I clearly remember him trying to portray it as an east-west conflict when large parts of western Libya had also slipped from Gaddafi's control.

            "A candle loses nothing by lighting another candle" - Mohammed Nabbous, R.I.P.

            by Lawrence on Wed Sep 04, 2013 at 10:31:49 AM PDT

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            •  From The Guardian (1+ / 0-)
              Recommended by:

              "We are currently witnessing the collapse of state in Libya, and the country is getting closer to local wars for oil revenues," said Swiss oil analysts Petromatrix.

              •  We shall see. (0+ / 0-)

                States tend to go through a chaotic process when a dictatorship collapses, especially when their state institutions were weak.

                And even in its current chaotic state the situation is still far better than it was on March 17, 2011, when the U.N.-backed intervention commenced.

                "A candle loses nothing by lighting another candle" - Mohammed Nabbous, R.I.P.

                by Lawrence on Wed Sep 04, 2013 at 10:56:37 AM PDT

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            •  Rueters, Human Rights Watch, The Guardian. (0+ / 0-)

              Libya Sidestep FAIL

              This might interest you:

              The Security Council approved the no-fly zone in Libya. And, yes, I avidly supported that because it was done just as the U.N. Charter said it should be.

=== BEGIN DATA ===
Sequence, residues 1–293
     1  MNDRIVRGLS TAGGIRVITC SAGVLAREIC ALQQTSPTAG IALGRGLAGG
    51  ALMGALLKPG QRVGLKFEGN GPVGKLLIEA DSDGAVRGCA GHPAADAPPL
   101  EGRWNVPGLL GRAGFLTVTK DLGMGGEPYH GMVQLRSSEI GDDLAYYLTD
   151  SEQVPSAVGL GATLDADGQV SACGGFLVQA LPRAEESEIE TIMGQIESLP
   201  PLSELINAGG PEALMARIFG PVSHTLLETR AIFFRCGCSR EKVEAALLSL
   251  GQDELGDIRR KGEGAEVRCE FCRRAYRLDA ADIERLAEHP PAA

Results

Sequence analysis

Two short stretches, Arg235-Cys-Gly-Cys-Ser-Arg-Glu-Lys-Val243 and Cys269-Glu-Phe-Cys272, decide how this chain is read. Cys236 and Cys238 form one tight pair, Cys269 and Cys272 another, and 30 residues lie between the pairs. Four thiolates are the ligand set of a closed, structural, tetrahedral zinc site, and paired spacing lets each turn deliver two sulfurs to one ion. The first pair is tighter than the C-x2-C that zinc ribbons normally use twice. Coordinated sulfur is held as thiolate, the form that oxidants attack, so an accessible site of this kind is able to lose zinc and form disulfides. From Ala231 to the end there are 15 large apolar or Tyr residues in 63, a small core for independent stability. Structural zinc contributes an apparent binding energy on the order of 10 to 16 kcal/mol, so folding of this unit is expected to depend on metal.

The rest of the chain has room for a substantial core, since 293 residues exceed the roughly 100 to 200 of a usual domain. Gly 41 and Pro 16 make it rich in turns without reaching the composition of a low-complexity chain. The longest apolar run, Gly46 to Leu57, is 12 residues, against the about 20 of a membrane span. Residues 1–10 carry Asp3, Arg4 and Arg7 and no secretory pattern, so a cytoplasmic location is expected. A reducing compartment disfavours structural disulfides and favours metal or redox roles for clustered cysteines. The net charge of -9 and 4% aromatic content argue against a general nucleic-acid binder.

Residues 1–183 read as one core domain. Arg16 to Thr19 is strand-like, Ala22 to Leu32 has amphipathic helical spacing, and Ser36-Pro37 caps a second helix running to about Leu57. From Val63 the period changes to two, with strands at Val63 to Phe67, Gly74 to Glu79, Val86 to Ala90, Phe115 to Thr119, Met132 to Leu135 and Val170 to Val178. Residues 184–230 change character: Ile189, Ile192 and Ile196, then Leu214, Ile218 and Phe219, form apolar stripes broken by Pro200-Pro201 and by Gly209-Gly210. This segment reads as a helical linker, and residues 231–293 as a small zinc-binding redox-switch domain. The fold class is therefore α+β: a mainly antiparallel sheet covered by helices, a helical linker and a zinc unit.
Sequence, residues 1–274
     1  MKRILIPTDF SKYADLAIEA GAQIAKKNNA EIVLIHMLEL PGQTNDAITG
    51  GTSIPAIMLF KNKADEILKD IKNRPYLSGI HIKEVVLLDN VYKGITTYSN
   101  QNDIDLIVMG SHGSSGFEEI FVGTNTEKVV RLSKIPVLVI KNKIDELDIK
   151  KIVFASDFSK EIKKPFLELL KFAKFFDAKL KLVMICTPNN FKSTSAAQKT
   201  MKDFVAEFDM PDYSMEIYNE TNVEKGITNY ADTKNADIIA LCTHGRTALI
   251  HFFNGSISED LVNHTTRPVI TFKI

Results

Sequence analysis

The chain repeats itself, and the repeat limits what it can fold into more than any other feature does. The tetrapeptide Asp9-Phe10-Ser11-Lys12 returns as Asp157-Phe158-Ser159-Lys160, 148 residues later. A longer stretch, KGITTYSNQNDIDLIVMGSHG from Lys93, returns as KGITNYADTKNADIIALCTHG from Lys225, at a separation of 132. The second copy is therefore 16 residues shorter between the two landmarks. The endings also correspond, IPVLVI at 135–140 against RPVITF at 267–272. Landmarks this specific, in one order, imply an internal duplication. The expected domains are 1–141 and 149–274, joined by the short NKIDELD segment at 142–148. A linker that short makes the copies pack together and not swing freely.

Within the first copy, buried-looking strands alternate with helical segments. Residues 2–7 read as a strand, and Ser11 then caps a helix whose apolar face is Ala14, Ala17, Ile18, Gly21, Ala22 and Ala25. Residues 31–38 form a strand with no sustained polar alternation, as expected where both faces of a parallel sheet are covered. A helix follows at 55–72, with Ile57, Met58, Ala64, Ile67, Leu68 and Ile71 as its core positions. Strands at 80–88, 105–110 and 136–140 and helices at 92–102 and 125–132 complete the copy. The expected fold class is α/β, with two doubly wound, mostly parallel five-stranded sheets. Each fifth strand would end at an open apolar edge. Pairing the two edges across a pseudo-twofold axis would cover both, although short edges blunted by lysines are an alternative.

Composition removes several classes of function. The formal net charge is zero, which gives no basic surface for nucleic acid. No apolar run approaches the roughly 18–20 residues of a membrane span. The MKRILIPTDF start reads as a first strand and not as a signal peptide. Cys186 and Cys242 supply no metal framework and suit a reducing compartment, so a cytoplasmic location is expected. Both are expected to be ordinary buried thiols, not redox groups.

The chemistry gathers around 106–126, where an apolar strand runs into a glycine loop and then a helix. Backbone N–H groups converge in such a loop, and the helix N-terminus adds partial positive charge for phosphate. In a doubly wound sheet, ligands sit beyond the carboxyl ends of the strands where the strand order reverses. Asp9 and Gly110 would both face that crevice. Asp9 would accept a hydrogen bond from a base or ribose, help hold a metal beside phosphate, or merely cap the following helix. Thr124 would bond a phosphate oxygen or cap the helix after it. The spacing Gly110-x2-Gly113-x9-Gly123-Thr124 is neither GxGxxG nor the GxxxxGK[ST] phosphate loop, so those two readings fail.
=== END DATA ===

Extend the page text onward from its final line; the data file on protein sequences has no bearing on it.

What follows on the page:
Unfortunately, the U.S. and France chose to go further than a no-fly zone and wound up killing hundreds of civilians in the process. And then they pretty much abandoned the Libyans. We've now got this mess in the country in which militias, including jihadi militias are in control in many areas and the central government is having a devil of a time getting a grasp on things. Oil production is one-tenth what it was in January 2011. That's not because of destruction from the war, but because of disorganization and disorder as a result of splintering of who is in charge.  Meteor Blades 9/3/13

              Sound familiar, Lawrence? We blow shit up to kill or stop the current "Bad Guys" then leave the people to fight among the rubble: Kosovo, Iraq, Libya, now Syria?

              Our track record sucks. Each wayward bomb or missiles creates more people angry at us.